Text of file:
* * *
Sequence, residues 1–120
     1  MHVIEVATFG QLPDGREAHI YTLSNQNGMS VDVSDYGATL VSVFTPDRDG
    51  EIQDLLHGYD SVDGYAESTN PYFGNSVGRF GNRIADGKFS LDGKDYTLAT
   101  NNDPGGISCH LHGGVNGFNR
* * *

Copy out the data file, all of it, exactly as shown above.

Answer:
Sequence, residues 1–120
     1  MHVIEVATFG QLPDGREAHI YTLSNQNGMS VDVSDYGATL VSVFTPDRDG
    51  EIQDLLHGYD SVDGYAESTN PYFGNSVGRF GNRIADGKFS LDGKDYTLAT
   101  NNDPGGISCH LHGGVNGFNR